We're incredibly thankful this year for instructional coaches like you who join us and help create such a wonderful community! Enjoy some of the top coaching articles from our weekly coaching roundupsthis past month on the different types of co-teaching, ways to make feedback more meaningful, how to hone your presentation skills, the benefits of student-centered coaching, and more. Enjoy!
Are you aware that building quality relationships is key to successful coaching? Coaches cite relationships as one of the most time-intensive parts of their job, and it takes a lot to get it right. TeachBoost Coach helps you build and reinforce the relationships that will create instructional shifts in the classroom.
"Co-teaching is often underutilized and a best-kept secret, and it's time to 'let the cat out of the bag' in order to provide access to all educators. If we are not careful, co-teaching falls right into this category of surface level intimidation, leaving educators unaware of the possibilities of quality implementation."
"Story telling is a powerful tool to use when presenting. Whenever I see people nodding along while I'm doing a workshop, it's usually when I'm telling a story or giving personal examples. . . . Narrative has great power to shape our thinking and learning. It makes what we are learning memorable and grounds it in our daily lives."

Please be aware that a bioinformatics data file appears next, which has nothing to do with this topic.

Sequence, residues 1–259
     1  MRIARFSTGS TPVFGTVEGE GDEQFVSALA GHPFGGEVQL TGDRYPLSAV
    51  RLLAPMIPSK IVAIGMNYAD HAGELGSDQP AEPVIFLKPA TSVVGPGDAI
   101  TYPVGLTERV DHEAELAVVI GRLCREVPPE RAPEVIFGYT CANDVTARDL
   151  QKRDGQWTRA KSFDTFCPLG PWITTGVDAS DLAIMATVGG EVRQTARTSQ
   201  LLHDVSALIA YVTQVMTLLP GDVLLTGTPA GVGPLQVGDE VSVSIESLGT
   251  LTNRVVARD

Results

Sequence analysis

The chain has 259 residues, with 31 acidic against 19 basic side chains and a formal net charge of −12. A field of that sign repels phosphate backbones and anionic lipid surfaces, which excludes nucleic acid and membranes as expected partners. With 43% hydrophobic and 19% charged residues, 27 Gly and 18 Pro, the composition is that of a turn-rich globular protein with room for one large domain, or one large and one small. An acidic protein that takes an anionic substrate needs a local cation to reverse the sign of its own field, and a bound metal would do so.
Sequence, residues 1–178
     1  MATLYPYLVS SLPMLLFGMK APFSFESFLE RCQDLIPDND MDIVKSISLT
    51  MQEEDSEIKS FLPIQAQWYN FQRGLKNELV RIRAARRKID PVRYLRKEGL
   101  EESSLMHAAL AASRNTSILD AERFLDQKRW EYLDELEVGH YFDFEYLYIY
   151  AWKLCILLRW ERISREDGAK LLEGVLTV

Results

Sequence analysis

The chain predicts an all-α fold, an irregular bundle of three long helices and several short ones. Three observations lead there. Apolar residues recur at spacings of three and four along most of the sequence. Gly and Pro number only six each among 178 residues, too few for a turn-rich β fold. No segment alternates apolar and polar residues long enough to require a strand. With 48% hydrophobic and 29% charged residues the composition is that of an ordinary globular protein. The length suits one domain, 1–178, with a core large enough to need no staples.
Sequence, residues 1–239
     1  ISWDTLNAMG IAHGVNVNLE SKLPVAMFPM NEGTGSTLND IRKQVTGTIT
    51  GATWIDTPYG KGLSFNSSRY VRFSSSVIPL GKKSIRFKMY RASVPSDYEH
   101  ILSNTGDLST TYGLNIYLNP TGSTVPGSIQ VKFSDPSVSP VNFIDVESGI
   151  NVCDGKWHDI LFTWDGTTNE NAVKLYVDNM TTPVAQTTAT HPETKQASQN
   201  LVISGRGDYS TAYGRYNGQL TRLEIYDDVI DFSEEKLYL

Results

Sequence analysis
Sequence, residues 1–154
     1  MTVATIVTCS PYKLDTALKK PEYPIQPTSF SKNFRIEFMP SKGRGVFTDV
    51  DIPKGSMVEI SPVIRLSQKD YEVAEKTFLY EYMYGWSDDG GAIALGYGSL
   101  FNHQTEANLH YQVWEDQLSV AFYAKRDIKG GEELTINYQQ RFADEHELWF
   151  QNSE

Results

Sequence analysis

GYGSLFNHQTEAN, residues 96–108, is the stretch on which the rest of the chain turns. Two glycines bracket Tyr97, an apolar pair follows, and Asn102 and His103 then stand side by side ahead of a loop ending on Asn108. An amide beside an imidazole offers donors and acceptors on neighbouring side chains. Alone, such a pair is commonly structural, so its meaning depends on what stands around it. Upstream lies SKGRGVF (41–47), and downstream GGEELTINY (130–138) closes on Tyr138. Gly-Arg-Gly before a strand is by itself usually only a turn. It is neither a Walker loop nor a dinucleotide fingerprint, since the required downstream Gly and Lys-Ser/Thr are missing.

ABCs of BDA: The Before, During, and After Coaching Cycle
"The BDA cycle sets the tone and reiterates the seriousness of the coaching collaboration. It's a planned conversation that maximizes the time for collaboration, collective problem-solving, and consultation."
"The goal is to create partnerships that lead to a deeper level of shared decision-making and follow through. Teachers choose how they will engage in coaching cycles. They also choose with whom they will engage. Given the personalized nature of coaching cycles, teachers are more able to be vulnerable in ways they can't be in PLCs."
"The common ground for deciding about investing in instructional coaching really should be the degree to which one believes that changing teacher learning, beliefs and skill development will produce increased student learning outcomes. To assess the value of instructional coaching, it's critical to know 'how coaches' time is spent.' Principal/coach partnerships need to match coaches’ time usage to desired outcomes."